Social media

The billionaire’s blue bird is in trouble

People were saying goodbye to one another on Twitter as these lines were being written. The social-media platform seemed to be in freefall, and Twitter users were telling others on which other sites they would be found should it indeed collapse. Some complained about technical glitches. Others had already left the site because they felt appalled by recent developments. Advertisers were abandoning the platform too.
Plutocrat populist equates his followers with “the” people – and God. Plutocrat populist equates his followers with “the” people – and God.

The background is that multibillionaire Elon Musk bought Twitter and is reshaping it. He is known for provocative statements and erratic decision-making, so it is impossible to tell what he really wants to achieve. He has declared himself to be a “free-speech absolutist”, and it is obvious that he wants to increase profits.

His endorsement of free speech is meant to display a progressive approach to human rights, but it actually amounts to a threat. He publicly disagreed with the Twitter management’s decision to ban former US President Donald Trump from the platform after he instigated the insurrection of 6 January 2021. Now Musk has allowed Trump back onto the platform after a flimsy poll held on the billionaire’s personal account. Musk himself could not say whether bots and fake accounts had voted.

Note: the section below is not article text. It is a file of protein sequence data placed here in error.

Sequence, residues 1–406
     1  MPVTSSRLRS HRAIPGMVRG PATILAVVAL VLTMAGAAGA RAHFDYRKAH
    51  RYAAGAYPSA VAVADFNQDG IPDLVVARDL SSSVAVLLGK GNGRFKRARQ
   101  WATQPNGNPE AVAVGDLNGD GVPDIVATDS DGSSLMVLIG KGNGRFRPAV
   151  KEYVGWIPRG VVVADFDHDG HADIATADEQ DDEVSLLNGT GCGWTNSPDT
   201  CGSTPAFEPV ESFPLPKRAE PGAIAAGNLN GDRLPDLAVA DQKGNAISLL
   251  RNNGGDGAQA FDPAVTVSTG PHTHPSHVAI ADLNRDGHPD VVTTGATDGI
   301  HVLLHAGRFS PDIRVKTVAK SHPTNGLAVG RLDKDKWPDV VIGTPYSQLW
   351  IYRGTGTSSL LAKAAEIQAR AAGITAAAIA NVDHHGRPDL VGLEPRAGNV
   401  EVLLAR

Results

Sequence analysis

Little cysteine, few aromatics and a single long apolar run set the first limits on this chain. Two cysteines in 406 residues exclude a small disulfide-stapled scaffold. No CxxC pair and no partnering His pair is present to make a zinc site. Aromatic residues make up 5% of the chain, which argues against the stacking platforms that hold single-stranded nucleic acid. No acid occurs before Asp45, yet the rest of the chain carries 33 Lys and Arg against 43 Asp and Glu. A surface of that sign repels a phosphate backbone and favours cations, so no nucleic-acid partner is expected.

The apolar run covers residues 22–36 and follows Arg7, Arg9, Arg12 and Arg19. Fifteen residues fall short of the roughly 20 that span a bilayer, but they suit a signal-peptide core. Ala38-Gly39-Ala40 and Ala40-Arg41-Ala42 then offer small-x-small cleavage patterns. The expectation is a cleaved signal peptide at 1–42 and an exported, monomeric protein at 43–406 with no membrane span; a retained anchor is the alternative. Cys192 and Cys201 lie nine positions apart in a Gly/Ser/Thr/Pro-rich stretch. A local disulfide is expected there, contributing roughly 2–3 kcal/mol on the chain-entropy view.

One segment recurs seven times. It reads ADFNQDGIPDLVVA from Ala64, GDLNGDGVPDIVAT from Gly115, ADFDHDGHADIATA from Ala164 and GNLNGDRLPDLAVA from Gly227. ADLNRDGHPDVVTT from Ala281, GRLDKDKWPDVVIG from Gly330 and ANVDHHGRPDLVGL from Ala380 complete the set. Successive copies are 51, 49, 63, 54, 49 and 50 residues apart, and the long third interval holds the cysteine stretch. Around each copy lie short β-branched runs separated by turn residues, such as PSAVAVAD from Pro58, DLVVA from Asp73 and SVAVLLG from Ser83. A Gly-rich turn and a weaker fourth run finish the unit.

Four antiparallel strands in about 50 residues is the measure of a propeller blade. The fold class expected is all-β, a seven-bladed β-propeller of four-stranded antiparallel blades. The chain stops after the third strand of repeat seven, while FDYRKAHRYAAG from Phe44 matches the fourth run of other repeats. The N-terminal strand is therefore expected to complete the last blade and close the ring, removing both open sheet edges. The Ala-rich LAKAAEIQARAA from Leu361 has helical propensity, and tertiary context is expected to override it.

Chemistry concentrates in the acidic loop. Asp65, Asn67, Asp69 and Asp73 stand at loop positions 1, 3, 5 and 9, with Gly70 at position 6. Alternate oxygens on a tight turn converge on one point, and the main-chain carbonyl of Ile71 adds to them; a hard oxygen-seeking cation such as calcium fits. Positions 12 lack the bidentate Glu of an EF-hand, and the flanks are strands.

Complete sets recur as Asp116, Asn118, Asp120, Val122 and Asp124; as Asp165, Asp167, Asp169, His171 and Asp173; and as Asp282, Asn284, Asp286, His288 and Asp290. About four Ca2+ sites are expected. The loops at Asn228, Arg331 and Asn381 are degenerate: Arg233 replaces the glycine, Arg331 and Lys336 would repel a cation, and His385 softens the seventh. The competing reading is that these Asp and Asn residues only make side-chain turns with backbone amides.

Abandoning users and staff in India

Probably worse, Musk has in the past criticised Twitter for filing a legal case in India to protect users and staff against the national government, which is run by Hindu supremacists who have a pattern of harassing opponents. One method they use is to accusing critics of the colonial crime of “sedition” for expressing their views. Nonetheless, Musk declared Twitter’s law suit in India to be risky because it might hurt the corporation.

Pressed to clarify his stance on free speech, Musk has eventually said that he considers any statement that does not violate a law legitimate. His reasoning was that democratic governments implement their people’s will, so there is no further need for content moderation.

He is wrong. Any competent human-rights lawyer will tell you that governments as such are not the institutions you should entrust the freedom of expression to. After all, they have strong incentives to mute criticism. That is one reason why democracy depends on the independence of law courts, media and civil-society organisations. Musk’s idea of free speech severely limits this fundamental human right where dictators are in power or where elected governments with authoritarian tendencies are making efforts to undermine the constitutional order and strengthen executive power.

Disturbing global trend

In “Freedom on the net 2022”, a recently published report, the Washington-based not-for-profit organisation Freedom House warns that the international scenario has been getting worse for 12 years in a row. In at least 53 of 70 countries observed, “users faced legal repercussions for expressing themselves online”. An increasing number of governments, moreover, are said to control what people can access, hoard data and centralise infrastructure. On the upside, in about one third of the countries, internet freedom improved.